I think this distinction will be severely tested as the availability of Facebook data increases. I don’t dispute boyd’s evaluation, but coming from the perspective of security research, I know that when data becomes publicly available, it’s only a matter of time before it gets publicized in some way. With the wealth of information stored on Facebook’s servers, the site is becoming a favorite of both advertisers and attackers. Already we’ve seen hacks and tricks that make public Facebook data more public (see above), and each new site that integrates with Facebook is a new attack surface.
I’ve been cussed out by visitors to my site who think that by publishing weaknesses in the Facebook Platform or exposing seemingly hidden content I’m assisting those who maliciously hack people’s profiles. But much of what I post attempts to raise awareness of potential privacy and security issues before they get exploited by black hats. I can guarantee you I’m not the only one looking for Facebook weaknesses.
And that’s part of what concerns me about boyd’s distinction. The same technology that makes content “public” makes it easy to aggregate and publicize. For example, Pete Warden recently announced that he had built a dataset of 215 million Facebook profiles that he planned to publish for research purposes. Facebook eventually threatened to sue, prompting him to destroy the data, but no technology stands in the way of someone else recreating the dataset for their own purposes. In fact, with Facebook’s auto-connect system and the possibility of lighter rules for data storage, web sites may soon inadvertently recreate the dataset.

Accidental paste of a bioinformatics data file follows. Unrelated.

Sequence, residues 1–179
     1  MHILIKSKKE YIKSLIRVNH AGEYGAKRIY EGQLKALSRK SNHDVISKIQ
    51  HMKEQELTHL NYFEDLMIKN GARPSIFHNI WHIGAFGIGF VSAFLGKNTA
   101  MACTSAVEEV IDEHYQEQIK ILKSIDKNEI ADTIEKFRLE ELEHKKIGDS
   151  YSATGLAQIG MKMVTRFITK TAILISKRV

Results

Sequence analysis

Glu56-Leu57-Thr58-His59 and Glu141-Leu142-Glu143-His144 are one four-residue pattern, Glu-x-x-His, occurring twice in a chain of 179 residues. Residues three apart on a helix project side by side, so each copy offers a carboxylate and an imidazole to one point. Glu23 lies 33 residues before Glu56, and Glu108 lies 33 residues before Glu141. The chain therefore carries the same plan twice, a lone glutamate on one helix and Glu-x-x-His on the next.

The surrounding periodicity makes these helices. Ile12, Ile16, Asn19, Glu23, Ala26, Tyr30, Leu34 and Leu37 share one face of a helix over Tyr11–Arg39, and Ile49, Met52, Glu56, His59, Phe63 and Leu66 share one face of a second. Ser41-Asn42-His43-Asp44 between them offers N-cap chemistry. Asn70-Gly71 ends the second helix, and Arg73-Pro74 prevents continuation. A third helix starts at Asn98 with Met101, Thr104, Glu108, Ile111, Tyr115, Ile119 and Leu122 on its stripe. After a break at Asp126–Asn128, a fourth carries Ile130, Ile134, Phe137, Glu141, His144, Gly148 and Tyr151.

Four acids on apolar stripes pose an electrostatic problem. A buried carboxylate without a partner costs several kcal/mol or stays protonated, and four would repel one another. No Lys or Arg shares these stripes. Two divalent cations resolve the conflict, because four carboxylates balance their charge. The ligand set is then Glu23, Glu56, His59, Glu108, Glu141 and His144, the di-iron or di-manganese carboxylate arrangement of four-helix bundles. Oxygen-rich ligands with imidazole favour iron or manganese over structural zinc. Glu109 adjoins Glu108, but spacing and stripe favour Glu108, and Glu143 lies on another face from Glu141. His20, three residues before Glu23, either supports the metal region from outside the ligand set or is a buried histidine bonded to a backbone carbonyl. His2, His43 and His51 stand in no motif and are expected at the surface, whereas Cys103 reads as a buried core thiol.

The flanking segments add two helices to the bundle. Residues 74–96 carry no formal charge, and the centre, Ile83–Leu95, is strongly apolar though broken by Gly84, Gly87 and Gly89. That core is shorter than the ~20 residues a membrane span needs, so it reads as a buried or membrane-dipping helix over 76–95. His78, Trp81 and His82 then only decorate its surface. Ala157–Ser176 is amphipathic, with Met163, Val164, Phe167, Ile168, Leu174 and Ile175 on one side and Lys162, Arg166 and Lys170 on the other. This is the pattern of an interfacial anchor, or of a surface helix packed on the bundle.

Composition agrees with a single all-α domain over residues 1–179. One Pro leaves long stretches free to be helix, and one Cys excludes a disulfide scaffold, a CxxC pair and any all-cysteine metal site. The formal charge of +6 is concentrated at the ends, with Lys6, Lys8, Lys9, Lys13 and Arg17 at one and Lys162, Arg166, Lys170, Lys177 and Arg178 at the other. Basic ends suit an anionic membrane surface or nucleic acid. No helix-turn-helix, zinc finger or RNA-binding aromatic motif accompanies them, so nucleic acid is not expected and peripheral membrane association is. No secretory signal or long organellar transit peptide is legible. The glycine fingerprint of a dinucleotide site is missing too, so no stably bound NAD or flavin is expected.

I honestly don’t think that Facebook is evil or that they care nothing about user privacy. Their new identity layer will likely bring benefits to many users and provide sites with valuable features. But just as Facebook became successful through providing users with a more private experience, the Internet became successful in large part because of its anonymity. While many users are happy with their personal Facebook account being a place “where everyone knows your name,” many users also value the rest of the Internet not knowing if they’re a dog. And as danah boyd put it so well, “No matter how many times a privileged straight white male technology executive pronounces the death of privacy, Privacy Is Not Dead.”